“Kiss up.” I narrow my eyes at him.

“I know I’ll never measure up to Chris’s childrearing skills. I’m more than fine with that overall, but he’s not replacing me for good as Harper’s godfather. He will if I don’t stay vigilant and fight for my title.”

“The intensity.” Poppy quietly teases.

“She’s the only kid that likes me. I’m holding on tight.”

“There was tile flooring below the counter she climbed on.”

I’m not letting him off the hook that easily.

“She didn’t fall. She came nowhere close. There’s no use trying to use décor details against me. I will win. I have facts on my side.” He removes his phone from his pocket.


Taylor being right has never been more infuriating.

George and Trina are here in person and our label-issued legal team is contributing from their Malibu office using the wonders of technology. All of them are smiling to our faces and alternating between legalese and powdered-sugar-sprinkled oversimplifications to sell us on the bare minimum.

I’ve been sporting a neutral expression since this charade started. Taylor’s taking an arm-folded, eyebrow-raised ‘do you honestly expect me to be impressed by this?’ approach.

He did this the first time around, eyed them with his skeptic gaze and saw them for all that they are when we were presented with our record deal. My mouth was agape, and I had stars in my eyes. I accepted their empty promises as gospel, bought into the things he knew were much too good to be true.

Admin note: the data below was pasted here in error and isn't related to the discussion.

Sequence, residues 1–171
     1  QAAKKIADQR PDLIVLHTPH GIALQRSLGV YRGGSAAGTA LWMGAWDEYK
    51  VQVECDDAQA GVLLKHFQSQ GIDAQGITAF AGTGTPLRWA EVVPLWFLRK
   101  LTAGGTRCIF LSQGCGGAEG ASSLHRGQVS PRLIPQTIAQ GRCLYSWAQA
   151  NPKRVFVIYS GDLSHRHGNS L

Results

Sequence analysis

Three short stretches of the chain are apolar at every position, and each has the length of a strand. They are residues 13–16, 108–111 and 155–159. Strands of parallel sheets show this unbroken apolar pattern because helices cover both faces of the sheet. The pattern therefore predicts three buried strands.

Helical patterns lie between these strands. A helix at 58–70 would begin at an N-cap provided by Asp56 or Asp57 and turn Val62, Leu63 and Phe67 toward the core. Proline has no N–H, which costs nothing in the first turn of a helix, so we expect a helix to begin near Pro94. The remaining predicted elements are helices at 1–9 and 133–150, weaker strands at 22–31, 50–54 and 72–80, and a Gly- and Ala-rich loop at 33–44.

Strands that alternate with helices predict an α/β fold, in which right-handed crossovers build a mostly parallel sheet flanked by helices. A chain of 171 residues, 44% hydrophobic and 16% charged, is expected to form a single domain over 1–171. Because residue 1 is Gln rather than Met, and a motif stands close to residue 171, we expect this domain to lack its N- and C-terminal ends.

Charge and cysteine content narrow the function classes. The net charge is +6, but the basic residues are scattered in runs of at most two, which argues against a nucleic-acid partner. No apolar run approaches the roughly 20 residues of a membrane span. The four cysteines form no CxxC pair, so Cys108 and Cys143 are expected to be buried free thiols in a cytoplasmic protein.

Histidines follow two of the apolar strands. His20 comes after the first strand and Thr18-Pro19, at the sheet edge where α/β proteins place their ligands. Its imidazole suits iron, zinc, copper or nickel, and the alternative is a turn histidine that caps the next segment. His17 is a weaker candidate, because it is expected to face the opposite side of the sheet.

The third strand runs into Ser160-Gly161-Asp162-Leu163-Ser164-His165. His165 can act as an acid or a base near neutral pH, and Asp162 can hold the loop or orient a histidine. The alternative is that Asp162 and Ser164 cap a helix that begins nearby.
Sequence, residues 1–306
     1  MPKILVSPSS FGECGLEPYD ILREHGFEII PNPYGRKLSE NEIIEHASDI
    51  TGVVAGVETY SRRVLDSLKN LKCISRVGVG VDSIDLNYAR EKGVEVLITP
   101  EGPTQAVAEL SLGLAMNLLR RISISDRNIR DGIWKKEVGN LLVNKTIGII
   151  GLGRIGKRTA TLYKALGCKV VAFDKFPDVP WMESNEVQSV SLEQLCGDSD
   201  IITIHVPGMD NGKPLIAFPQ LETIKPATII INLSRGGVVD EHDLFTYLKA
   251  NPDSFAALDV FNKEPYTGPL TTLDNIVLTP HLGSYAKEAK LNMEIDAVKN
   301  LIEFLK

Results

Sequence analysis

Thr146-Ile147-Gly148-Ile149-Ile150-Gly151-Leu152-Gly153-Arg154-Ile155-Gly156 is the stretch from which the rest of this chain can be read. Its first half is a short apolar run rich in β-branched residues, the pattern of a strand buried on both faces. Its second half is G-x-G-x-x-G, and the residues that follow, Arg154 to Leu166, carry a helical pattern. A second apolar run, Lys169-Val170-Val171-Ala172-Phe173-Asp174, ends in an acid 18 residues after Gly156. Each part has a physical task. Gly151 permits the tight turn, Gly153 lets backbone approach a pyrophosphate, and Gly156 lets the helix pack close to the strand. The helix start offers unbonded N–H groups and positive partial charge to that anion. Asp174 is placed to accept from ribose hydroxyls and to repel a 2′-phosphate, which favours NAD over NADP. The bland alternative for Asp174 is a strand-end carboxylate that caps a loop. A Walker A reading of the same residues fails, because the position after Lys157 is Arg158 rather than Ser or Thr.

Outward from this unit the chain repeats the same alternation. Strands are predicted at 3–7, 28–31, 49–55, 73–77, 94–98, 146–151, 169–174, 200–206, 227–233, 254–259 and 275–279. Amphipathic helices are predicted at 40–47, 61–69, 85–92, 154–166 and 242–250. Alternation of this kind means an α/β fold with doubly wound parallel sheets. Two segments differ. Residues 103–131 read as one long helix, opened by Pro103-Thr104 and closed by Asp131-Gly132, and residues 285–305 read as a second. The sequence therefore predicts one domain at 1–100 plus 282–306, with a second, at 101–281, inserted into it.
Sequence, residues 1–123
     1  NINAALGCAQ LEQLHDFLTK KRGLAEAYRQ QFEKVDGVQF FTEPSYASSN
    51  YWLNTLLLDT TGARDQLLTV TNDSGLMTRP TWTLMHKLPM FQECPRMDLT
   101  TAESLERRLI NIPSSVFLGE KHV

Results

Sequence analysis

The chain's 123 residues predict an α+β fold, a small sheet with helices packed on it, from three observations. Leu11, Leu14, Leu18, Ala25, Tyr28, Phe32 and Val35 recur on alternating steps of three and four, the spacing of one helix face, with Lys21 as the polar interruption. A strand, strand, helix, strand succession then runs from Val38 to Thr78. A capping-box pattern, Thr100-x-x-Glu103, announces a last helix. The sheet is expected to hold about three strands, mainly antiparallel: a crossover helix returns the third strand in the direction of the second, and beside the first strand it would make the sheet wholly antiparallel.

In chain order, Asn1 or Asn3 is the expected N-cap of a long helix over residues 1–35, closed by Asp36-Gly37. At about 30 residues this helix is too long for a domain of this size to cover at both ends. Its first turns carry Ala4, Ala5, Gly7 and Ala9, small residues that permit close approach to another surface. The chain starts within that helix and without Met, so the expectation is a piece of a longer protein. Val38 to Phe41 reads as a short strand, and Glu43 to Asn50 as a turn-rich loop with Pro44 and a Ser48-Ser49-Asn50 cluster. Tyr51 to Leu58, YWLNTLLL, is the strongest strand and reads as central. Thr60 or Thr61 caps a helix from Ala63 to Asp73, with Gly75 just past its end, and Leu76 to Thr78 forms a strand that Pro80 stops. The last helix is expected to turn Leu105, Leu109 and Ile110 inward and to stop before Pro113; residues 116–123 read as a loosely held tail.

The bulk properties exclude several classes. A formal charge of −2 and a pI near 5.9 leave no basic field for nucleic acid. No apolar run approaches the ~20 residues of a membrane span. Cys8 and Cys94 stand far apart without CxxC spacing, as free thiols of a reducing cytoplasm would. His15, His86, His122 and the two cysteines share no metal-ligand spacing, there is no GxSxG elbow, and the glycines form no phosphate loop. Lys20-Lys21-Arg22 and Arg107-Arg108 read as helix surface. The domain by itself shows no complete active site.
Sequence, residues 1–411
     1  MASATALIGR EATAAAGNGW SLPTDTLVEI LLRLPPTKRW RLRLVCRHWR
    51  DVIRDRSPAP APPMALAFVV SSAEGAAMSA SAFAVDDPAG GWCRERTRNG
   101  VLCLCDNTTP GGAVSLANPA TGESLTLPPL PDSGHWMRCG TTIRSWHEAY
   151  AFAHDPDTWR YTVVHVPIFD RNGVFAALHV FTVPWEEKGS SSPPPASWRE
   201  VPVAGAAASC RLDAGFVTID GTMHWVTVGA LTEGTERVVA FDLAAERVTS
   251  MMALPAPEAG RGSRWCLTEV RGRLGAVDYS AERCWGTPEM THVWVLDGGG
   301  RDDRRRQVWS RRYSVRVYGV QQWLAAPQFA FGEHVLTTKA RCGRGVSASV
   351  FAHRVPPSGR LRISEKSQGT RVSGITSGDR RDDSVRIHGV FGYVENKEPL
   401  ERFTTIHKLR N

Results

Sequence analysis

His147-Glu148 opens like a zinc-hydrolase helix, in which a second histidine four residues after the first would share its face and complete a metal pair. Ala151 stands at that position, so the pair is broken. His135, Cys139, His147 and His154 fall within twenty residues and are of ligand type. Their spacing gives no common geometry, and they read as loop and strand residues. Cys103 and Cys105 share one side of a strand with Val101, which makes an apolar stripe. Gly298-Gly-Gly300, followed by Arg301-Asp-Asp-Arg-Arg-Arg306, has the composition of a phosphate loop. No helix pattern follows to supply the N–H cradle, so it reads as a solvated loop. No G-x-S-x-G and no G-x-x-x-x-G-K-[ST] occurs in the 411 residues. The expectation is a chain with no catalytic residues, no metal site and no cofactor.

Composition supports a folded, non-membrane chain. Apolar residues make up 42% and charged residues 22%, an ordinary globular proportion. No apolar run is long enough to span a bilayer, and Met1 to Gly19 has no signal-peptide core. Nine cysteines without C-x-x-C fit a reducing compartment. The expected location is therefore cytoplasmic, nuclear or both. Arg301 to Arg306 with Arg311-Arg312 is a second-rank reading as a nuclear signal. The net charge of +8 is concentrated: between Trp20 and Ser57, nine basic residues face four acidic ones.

The band, as a whole, is in solid shape thanks to him – we own all of our music and we’re signed to the label as a collective, not as a solo artist (me) with accompanying musicians (the rest of the band). Money and rights disputes are what tear apart most bands. He made sure those elements got ruled out of my dream. The stuff I paid for the hard way was done behind his back, during the many times they pulled me aside to “check-in”.

Now, as insincere eyes and over-practiced smiles await my input, I see what I should’ve four years ago and so more.

And I can actually do something about it.

“This is a solid start. Hand over what you have to our attorney. You have his contact information. He’ll take it from here.” My voice is stripped of the emotions they don’t deserve.

“Was there a part of the action plan that you misunderstood? We can cut out the middleman. I’ll explain whichever aspect requires clarity myself.” The head suit forces what’s supposed to be a light-hearted chuckle.

“Is that intended to be jovial? The main character in American Psycho is all that I garnered from the noise you just made. The slicked-back hair’s not doing you any favors either, bud.” Taylor deadpans in response.